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HPE breaks barriers with technology

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President Ntuli, managing director for South Africa of Hewlett Packard Enterprise.
President Ntuli, managing director for South Africa of Hewlett Packard Enterprise.

The manner in which technology is being used to advance the way we live and work came under the spotlight at Hewlett-Packard Enterprise’s (HPE’s) Discover More event, held at The Forum in Bryanston on 17 October 2019.

Just as Johnny Clegg used music to break down cultural barriers, so is HPE using technology to break down barriers across all sectors, from healthcare to financial services to activities such as motor racing and even swimming.

President Ntuli, managing director for SA at HPE, says: “It all comes down to having the right partner ecosystem to support us on this journey.”

Dr Eng Lim Goh, vice president and CTO, HPC & AI of HPE, says there’s an entire team at the company whose aim is to improve people’s lives – as well as preparing for jobs of the future.

“We’ve built technology to solve various problems around the world. We’re not only about the technology, we’re about making a real difference using technology. For example, HPE has impacted challenging issues such as hunger and food wastage by helping to engineer a wheat crop that provides a higher yield, and by developing an application that tells people where they can purchase food that’s about to expire at a greatly reduced price.”

He cites the example of a 3D model of a heart that’s been created on a computer to assist heart surgeons to insert pacemaker wires more accurately. “The wire can break over time if it isn’t positioned correctly; this model can help them insert the wire more reliably.

“Another area in healthcare where we’ve made a significant difference is in the diagnosis of tuberculosis. A city with a very high incidence of TB was struggling to get on top of the outbreak. It was discovered that while all of the citizens had been X-rayed for TB, there were not enough doctors to make the diagnosis before the patient had potentially passed the illness on to many others.

“We trained a machine learning algorithm to recognise TB and provide an immediate diagnosis so that those infected could receive immediate treatment, preventing them from infecting others.”

Goh goes on to talk about the connected car, which has approximately 100 sensors and a 5G chip paid for by the manufacturer, enabling cars to share data around road hazards.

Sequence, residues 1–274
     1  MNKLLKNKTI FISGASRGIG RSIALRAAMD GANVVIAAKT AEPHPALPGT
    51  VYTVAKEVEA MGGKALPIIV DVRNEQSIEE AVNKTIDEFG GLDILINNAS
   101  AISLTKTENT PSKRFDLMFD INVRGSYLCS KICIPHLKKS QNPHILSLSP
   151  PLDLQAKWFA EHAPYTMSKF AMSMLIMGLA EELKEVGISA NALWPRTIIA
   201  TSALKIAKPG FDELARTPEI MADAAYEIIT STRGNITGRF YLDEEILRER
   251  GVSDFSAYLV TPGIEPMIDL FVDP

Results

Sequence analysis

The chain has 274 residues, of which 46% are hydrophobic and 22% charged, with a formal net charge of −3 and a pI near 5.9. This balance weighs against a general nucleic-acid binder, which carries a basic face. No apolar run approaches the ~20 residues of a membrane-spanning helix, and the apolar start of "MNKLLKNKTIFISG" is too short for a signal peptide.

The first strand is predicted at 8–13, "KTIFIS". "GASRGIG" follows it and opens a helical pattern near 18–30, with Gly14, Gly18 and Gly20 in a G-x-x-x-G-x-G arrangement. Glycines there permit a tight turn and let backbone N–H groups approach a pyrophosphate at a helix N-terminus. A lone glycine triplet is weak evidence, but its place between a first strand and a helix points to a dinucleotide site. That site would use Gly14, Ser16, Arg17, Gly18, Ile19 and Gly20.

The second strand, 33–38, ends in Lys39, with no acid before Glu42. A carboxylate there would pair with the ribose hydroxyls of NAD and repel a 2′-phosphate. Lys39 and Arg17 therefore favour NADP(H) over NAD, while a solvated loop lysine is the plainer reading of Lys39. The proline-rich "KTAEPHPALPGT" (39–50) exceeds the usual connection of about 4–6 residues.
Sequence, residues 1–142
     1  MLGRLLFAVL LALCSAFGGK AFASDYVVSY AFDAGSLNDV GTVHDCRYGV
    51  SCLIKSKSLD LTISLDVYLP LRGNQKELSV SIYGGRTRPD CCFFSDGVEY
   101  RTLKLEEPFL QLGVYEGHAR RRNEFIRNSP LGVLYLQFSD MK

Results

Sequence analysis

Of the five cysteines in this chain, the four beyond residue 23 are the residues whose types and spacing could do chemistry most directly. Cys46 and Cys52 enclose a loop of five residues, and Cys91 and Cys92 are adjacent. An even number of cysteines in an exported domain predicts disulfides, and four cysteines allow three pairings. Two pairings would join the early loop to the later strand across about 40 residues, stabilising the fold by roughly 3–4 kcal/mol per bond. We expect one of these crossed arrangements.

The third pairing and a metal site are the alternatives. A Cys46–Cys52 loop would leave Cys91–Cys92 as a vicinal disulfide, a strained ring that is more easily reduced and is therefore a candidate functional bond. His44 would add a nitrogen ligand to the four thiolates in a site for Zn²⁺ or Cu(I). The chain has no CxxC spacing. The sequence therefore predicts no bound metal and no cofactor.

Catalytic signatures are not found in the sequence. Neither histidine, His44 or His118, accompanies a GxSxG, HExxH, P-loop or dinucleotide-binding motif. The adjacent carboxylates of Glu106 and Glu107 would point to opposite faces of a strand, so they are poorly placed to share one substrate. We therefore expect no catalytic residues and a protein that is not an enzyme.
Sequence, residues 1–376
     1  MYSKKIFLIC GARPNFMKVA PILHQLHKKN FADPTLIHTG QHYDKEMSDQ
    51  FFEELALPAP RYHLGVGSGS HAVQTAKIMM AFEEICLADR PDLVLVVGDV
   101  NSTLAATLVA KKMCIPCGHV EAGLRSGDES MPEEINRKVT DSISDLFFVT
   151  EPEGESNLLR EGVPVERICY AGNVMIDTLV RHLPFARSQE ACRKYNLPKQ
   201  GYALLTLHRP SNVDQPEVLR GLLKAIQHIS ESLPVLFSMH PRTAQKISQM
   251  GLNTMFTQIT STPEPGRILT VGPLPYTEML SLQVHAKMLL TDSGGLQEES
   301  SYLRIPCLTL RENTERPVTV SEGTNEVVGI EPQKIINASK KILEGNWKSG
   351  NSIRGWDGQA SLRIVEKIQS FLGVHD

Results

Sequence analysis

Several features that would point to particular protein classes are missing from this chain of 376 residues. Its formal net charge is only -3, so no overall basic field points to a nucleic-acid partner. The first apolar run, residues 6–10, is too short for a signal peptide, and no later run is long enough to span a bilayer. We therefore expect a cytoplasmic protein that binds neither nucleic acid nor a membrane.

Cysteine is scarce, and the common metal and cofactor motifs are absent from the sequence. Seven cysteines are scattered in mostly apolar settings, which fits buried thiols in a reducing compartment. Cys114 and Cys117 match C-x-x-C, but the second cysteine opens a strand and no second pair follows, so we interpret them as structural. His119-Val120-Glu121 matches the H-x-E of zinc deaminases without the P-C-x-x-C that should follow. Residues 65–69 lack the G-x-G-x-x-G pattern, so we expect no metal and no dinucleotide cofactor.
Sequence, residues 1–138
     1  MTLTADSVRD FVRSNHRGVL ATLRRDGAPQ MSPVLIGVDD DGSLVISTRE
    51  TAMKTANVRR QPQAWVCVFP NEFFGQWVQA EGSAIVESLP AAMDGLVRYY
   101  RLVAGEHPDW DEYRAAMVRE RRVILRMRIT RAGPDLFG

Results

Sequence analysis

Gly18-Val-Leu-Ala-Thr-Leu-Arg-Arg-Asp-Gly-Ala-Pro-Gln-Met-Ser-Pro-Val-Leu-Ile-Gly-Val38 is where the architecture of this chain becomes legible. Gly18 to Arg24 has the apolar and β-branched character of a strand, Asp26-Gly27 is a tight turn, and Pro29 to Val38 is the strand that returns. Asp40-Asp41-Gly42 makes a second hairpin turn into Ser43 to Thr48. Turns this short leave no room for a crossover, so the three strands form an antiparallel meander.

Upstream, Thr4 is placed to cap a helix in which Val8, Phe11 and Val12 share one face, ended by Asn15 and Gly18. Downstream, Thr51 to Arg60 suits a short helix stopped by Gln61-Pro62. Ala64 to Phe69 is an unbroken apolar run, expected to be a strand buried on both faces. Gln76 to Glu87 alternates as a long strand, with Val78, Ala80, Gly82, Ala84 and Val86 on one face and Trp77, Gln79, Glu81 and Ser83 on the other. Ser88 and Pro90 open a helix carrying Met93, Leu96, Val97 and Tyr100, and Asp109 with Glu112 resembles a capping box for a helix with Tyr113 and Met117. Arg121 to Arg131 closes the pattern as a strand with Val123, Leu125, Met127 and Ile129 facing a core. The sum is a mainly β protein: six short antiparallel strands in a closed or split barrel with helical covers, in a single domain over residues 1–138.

“Currently, data can only be shared between vehicles from the same manufacturer. However, by leveraging blockchain capabilities, all brands of vehicles will be able to share that data.”

HPE is also playing a key role in helping swimmers swim faster. “We used a computer to model the bodies of the world’s top swimmers and detected the best shape and fabric type for speed in the water,” Goh says.

“The resulting design has broken many world records, underlining how using technology can improve human capability. If you leverage technology and understand it, you can create world-changing products.

“The bottom line is that we want to advance the way people live and work, you have to address the reason behind the technology, not just the technology itself. The enterprise of the future has to be edge-centric, because that’s where the data comes from, and it has to be cloud-enabled because that’s where you process the data. This is where HPE is expending its resources.”

He concludes with the example of an organisation who invested into this approach, Mercedes-AGM Petronas.

“This customer is extremely data-driven and committed to pushing the boundaries of technology in the interests of chasing the clock. The biggest challenge in Formula One is to process the vast amounts of data that are being generated so quickly. In motor racing, data is key to being faster and more competitive than the opposition. We embarked on an AI project with them to develop a car for this year and thus far have won 12 out of 16 races with it.”

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